The vehicle through which the bulk of the authors demands ran through was that of centralisation. As we explored in part one, they wanted the complete “centralization of money and credit in the hands of the state through a national bank with state capital, and the suppression of all private banks and bankers.

But they were always keen to stress throughout that it would not be possible to conduct all of these measures immediately. It had to be a process:

Once the first radical attack on private property has been launched, the proletariat will find itself forced to go ever further, to concentrate increasingly in the hands of the state all capital, all agriculture, all transport, all trade. All the foregoing measures are directed to this end; and they will become practicable and feasible, capable of producing their centralizing effects to precisely the degree that the proletariat, through its labor, multiplies the country’s productive forces.

To overthrow the bourgeoisie would require all nations to come together as one through the proletariat. This is something that Marx and Engels fully understood and embraced. Their quest was not to do away with “big industry“, but rather to change the dynamic of who and what ideology presided over its continuing function:

By creating the world market, big industry has already brought all the peoples of the Earth, and especially the civilized peoples, into such close relation with one another that none is independent of what happens to the others.

It follows that the communist revolution will not merely be a national phenomenon but must take place simultaneously in all civilized countries.

The revolution, therefore, had to be universal, with a “universal range“. The communistic ideology of “all for one and one for all” meant that no one country could avoid becoming ensnared by it. An oppressed proletariat would no doubt see the appeal in this, especially if that oppression stretched beyond borders and thus throughout the world. Uniting together to defeat the common foe of the bourgeoisie is precisely what Marx and Engels were aiming for.

There was a degree of finality to what they were espousing in the name of communism. When asked the question, “What will be the consequences of the ultimate disappearance of private property?“, they replied:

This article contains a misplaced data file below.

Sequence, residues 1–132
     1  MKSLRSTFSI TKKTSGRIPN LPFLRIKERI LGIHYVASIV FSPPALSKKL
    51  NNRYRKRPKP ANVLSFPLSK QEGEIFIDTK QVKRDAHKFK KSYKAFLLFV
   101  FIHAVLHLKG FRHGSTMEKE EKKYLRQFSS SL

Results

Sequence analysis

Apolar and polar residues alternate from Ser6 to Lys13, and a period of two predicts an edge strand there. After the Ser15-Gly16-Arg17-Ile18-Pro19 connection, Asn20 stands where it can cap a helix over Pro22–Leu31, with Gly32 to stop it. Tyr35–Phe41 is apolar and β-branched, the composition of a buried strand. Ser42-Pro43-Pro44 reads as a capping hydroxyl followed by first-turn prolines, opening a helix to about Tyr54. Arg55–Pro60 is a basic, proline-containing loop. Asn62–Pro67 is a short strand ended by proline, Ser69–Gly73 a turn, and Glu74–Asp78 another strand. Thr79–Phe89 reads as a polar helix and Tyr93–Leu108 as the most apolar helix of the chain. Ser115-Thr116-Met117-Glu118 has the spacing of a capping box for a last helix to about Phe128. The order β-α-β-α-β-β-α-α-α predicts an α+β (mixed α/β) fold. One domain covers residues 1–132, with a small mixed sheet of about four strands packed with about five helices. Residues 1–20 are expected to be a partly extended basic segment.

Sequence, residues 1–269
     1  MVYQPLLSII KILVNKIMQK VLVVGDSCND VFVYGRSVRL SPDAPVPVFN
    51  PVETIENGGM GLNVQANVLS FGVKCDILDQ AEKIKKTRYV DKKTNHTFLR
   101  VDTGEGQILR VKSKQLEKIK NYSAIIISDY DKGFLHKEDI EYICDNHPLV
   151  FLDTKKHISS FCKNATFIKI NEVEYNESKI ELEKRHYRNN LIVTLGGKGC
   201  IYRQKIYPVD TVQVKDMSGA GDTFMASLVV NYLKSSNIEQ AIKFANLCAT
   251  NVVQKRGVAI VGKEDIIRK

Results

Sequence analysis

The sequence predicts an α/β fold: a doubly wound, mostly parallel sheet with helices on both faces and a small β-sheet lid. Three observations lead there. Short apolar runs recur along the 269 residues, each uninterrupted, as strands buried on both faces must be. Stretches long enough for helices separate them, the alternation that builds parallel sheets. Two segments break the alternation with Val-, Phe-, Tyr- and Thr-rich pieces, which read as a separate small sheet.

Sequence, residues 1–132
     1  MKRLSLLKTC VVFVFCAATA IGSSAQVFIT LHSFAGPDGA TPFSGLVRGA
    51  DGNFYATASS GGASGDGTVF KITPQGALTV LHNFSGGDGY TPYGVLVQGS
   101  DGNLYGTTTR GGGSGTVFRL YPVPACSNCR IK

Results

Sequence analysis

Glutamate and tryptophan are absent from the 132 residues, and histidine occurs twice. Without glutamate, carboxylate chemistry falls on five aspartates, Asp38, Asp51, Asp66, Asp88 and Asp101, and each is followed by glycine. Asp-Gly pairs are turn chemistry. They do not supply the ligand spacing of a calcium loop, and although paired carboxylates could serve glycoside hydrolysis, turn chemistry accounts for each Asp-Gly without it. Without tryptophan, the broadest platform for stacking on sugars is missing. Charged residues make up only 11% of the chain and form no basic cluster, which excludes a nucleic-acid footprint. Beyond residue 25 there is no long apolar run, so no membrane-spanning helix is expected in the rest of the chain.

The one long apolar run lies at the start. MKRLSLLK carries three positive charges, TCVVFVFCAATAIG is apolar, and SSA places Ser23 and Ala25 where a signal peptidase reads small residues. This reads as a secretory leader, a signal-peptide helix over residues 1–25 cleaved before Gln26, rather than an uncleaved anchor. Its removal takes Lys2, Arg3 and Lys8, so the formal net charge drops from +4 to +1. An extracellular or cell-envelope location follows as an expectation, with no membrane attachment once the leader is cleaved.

Society will take all forces of production and means of commerce, as well as the exchange and distribution of products, out of the hands of private capitalists and will manage them in accordance with a plan based on the availability of resources and the needs of the whole society. In this way, most important of all, the evil consequences which are now associated with the conduct of big industry will be abolished.

No longer would society be plagued by the calamities of old. Instead, once the proletariat was liberated from the bourgeoisie, it would open up a swathe of new demand meaning over production during the reign of the bourgeoisie would cease to become a problem.

Overproduction will reach beyond the elementary requirements of society to assure the satisfaction of the needs of all; it will create new needs and, at the same time, the means of satisfying them. It will become the condition of, and the stimulus to, new progress, which will no longer throw the whole social order into confusion, as progress has always done in the past.

The private capital of old would be replaced by the State having full jurisdiction over the lives of the proletariat. This, according to Marx and Engels, would ensure both continuity and equality amongst the proletariat class.

But what about when it comes to maintaining this newly developed social order? To that end, the authors said,

The division of society into different, mutually hostile classes will then become unnecessary. Indeed, it will be not only unnecessary but intolerable in the new social order.

Industry controlled by society as a whole, and operated according to a plan, presupposes well rounded human beings, their faculties developed in balanced fashion, able to see the system of production in its entirety.